Is constant assessment for liberal art subjects necessary?

Monday December 31 2018

Much as assessment is recommended world over,

Much as assessment is recommended world over, it is barely done when it comes to liberal arts subjects. FILE PHOTO  

By DORCUS MURUNGI

In a random inspection that Daniel Omwaya, an educationist working with PEAS Uganda an organisation that aims at promoting Equality in African Schools, carried out, he discovered that approximately 85 per cent of the student’s note books for liberal arts had never been marked by the teachers.

During the inspection, Omwaya and his team learnt that books for subjects like History, Christian Religious Education, Geography and Literature among others had never been marked or assessed.

He says that one of the reasons teachers gave for not carrying out regular assessment in these subjects was a fact that they had too much notes as compared to science subjects.

However, Omwaya believes that this is a sign of reluctance and neglect of duty on the side of the teachers whom he believes are doing students an injustice.
“When you keep teaching students without getting feedback from them or giving them a few questions about a topic that you have covered, how certain can you be that they are grasping what you have taught them?” he asks.

Feedback has been supported universally as a formidable tool for teachers to improve students’ outcomes, it helps improve their performance. Learning Spy, one of Britain’s most influential education sites says reading and assessing student’s work is important, though, later in a post, Work Scrutiny – What is the Point of Marking Books?, author David Didau says that marking or even giving marks may not be as important.

Nelson Mukundane a science teacher at Bishop High School Mukono seems to partly agree, he says that feedback is an essential part of effective learning which helps students understand the subject being studied and gives them clear guidance on how to improve their learning.

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In Mukundane’s process, teaching happens normally in class and a test around what has been taught is given with books later collected for his assessment.
“I always take time to mark my students; this helps me find out whether what I taught was understood by a bigger percentage of the class. If a big number fails, then I repeat the concept they understand well,” he explains.

Why should teachers carry out assessment?
Omwaya says through assessment, instructors can get information about their teaching and the student’s learning. He adds that this information provides a picture of a range of activities which draws on one’s judgment to determine the overall value of an outcome based on the assessment data.

Through this process, he says a teacher can grade and combatively assess students’ performances which will in turn help correct their mistakes to improve their level of performance.

Additionally, he says regular assessment can help to motivate students to work harder.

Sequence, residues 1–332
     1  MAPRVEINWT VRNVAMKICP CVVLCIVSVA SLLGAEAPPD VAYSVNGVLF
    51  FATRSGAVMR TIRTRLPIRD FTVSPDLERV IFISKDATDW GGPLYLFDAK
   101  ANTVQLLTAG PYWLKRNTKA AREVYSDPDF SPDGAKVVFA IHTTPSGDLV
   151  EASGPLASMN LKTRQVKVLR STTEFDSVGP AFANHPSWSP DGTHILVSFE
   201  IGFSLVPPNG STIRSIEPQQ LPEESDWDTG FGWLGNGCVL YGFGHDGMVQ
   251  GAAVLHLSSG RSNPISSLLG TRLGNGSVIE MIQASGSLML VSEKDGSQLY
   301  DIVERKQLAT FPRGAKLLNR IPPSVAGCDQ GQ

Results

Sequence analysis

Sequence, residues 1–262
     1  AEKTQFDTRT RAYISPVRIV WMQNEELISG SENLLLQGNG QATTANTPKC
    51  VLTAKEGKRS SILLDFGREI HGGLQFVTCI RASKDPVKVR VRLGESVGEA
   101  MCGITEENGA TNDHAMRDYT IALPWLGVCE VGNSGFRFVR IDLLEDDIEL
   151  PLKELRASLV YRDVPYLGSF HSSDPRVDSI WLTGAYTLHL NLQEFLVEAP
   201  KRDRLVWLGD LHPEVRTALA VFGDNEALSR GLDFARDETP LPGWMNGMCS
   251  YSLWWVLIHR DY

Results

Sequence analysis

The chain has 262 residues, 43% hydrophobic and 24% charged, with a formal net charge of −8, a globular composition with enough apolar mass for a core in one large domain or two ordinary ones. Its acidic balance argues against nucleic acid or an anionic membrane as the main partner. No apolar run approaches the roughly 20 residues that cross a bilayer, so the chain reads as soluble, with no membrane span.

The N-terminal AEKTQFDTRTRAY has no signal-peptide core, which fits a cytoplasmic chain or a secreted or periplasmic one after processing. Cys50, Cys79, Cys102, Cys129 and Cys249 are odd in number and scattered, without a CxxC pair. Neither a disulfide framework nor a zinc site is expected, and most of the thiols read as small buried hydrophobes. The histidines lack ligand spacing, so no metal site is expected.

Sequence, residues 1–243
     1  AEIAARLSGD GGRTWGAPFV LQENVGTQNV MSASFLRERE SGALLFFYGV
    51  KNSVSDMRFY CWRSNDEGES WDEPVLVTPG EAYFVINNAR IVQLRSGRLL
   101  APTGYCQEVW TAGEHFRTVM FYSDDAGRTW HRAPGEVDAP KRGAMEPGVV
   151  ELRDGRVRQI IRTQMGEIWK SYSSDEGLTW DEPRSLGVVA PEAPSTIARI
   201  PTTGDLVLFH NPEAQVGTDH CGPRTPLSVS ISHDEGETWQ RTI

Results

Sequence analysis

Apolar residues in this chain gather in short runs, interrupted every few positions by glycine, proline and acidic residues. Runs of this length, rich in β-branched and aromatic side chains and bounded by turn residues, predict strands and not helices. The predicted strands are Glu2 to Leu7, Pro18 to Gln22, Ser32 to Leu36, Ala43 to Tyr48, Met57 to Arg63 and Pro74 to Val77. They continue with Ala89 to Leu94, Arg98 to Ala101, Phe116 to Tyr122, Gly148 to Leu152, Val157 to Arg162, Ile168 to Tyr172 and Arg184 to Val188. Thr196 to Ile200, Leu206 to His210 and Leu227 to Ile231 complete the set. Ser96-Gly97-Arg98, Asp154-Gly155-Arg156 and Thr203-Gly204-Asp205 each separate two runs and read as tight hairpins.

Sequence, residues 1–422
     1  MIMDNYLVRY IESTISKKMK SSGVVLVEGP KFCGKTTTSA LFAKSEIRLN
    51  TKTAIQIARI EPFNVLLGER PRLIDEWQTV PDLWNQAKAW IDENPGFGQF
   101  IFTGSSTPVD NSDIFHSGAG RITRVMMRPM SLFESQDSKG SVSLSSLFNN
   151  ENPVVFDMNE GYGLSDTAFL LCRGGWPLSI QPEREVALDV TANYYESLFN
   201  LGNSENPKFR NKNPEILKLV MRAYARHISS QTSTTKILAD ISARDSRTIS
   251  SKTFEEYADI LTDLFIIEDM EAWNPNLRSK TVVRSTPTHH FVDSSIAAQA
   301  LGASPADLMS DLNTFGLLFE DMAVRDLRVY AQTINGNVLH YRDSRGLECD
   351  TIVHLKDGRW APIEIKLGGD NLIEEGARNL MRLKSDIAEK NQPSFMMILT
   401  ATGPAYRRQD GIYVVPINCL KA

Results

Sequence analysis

“When a teacher marks a student, both the teacher and the student will get feedback which is an integral part in the learning process. It is also important for students to notice that a teacher cares about their learning because this will motivate them to work harder,” he says.

How is this feedback supposed to be carried out?
Mukundane says feedback should be accurate and clear, he adds that it is important to remember that marking is not about noting your students’ efforts and attainment, but about moving their learning on.
“Feedback compares what a learner is doing right now with what he or she has done before, it is important for a teacher to get the right balance between support and challenge,” he adds.

He observes that feedback should be used sparingly so that it is meaningful; “feedback should provide specific guidance on how to improve and should not just tell students when they are wrong.”

He explains that the feedback should be supported with effective professional development for teachers.

According Emmanuel Kakuba a teacher at Nyakasura School, feedback needs to be specific and should be about challenging tasks or goals.
“Let students get feedback about complex situations and this should only be when they have failed to accomplish specific targets,” he says.

Kakuba says in order to achieve an outstanding judgment, there must be evidence that consistent high-quality marking and constructive feedback from teachers ensures that students make rapid gains.

Tips on assessing
Class Presentation: A presentation in class assesses a different aspect of spoken language. When you ask a student to speak in front of the class, he is able to prepare and practice what he wants to say.

An open ended question: To help students grasp ideas in class, ask open-ended questions that require students that get students writing/talking. They will undoubtedly reveal more than you would’ve thought to ask directly.

Hand signals: Hand signals can be used to rate or indicate students’ understanding of content. Students can show anywhere from five fingers to signal maximum understanding to one finger to signal minimal understanding.

Think- Pair- Share: Students take a few minutes to think about the question or prompt. Next, they pair with a designated partner to compare thoughts before sharing with the whole class.

Journal reflections: Students write their reflections on a lesson, such as what they learned, what caused them difficulty, strategies they found helpful, or other lesson-related topics.
Compiled from internet

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